You can’t make change without defiance
I’m well into my second decade of consulting with clients, and I’ve seen the nation’s business culture change the way we talk about change. First creativity became innovation, executed by innovators. Then innovators became change agents. Then the Silicon Valley term for disrupting a market began to be applied to individuals—disruptors.
“We need change. We need to hire more disruptors,” a hospital CEO once exclaimed to me in a strategy session.
The very next day, in a larger session and right in front of the CEO, a senior nurse practitioner impressively challenged the Chief Financial Officer to adopt more modern ways of doing business. Instead of embracing healthy debate, the CEO quickly moved to shut down the discussion. The CEO, so confidently ready to encourage rebellion just hours earlier, turtled in the line of fire, intimidated by the confrontation between the CFO and the nurse.
He let his team down and the room knew it wasn’t safe
Despite my best efforts to facilitate, what started as an energetic strategy session filled with possibility spiraled into timid consensus seeking and blatant authority bias. This happened several years ago, and it really stuck with me. And yet, scenes like this occur every day, everywhere. Despite the unprecedented level of change occurring in every industry, culture, and technology continue to grapple with the pressure of convention.
While markets change, our brains largely don’t. The risk and fear most of us feel when we push back against the status quo is real and largely un-evolved. We’re a tribal species.
But some don’t feel that fear as much. Some thrive on it.
It would be easy to blame that CEO for not allowing his nurse practitioner to continue her challenge, but really the whole room could have intervened. They were all senior leaders. Having gotten to know these exceptional individuals over a long engagement, I realized that the hospital’s leadership team did not have any real change agents. Health systems are notoriously risk-averse due to the nature of their work, and clinical teams are collaborative and consensus-driven by necessity.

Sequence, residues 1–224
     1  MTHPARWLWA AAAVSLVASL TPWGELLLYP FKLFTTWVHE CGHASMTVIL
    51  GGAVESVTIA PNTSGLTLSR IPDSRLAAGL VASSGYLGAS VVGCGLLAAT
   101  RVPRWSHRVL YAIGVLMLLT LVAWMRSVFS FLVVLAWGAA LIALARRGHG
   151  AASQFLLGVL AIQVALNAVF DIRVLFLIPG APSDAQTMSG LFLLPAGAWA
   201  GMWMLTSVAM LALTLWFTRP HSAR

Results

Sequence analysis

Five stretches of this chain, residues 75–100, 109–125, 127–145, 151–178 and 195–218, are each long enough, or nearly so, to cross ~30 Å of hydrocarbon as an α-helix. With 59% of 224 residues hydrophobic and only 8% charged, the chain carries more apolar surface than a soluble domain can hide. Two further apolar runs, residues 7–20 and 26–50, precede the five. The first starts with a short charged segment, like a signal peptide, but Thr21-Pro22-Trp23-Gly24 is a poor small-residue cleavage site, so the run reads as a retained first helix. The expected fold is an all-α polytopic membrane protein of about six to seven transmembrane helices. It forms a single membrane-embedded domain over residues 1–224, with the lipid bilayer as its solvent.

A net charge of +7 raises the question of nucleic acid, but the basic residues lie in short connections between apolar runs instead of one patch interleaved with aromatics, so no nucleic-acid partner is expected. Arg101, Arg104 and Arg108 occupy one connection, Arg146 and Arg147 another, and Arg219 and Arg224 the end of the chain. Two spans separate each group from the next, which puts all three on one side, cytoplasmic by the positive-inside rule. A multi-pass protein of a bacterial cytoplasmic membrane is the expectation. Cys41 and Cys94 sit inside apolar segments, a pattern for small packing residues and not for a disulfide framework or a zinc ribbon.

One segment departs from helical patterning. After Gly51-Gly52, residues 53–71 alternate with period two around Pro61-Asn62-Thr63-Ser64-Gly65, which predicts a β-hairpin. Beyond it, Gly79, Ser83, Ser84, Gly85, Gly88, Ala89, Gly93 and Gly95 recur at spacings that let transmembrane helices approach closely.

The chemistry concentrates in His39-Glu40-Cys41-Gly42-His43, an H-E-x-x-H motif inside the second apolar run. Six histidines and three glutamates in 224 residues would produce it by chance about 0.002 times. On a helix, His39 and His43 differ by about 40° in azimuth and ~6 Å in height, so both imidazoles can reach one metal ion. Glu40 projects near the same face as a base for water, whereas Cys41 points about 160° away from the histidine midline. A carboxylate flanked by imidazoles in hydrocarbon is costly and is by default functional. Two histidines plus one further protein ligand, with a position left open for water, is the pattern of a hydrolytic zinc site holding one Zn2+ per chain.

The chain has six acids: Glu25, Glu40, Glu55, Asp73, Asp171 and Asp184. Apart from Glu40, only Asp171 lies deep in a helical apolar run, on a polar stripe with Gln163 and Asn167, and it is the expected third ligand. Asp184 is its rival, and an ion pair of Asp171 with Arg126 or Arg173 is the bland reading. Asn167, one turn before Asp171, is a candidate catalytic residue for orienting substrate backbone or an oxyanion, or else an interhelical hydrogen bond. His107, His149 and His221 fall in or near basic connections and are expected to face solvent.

Across the healthcare industry, the business arms of hospitals are racing to correct this culture, but hospitals are not alone. Many industries are naturally change-resistant. It’s probable that simply hiring new graduates in droves won’t help—as one of the most common critiques of American academia is that it produces obedient workers rather than critical thinkers.
When I look back on my client’s rallying cry of “We need more disruptors,” he was subconsciously admitting that he didn’t really have any on his bench, including himself.
So, as we all talk about disruption, innovation, or whatever the next buzzword is for change, we have to realistically ask ourselves: Do we have one or two catalysts on our team who aren’t afraid, who thrive on defiance, and value it as a tool?
If you are looking for change, you need to hire that way.
Whether it is through the plethora of assessments available, or by the simple interview question— “Tell me about the last time you challenged your boss?”—you can’t make change without making an effort to find the people who have the courage to fight for it.
Of course, it can be painful to work with disruptors who lack tact and patience. A true change agent is aggressive and persistent by nature, but also understands the importance of self-awareness and values the checks and balances their more compliant teammates provide.
So, disruptors. You need a few of them. And if you have to wonder whether or not you have them now, you don’t. Their presence is always obvious. If another disruptor had been in the hospital boardroom that day, the conversation would have continued. Others who saw the disruptors take a risk would have felt more safe to challenge the status quo too. They would have followed through the door their colleagues kicked down.
The team would have grown closer. Real problems would have been tackled. And disruption might have morphed from a buzzword into something that made a difference.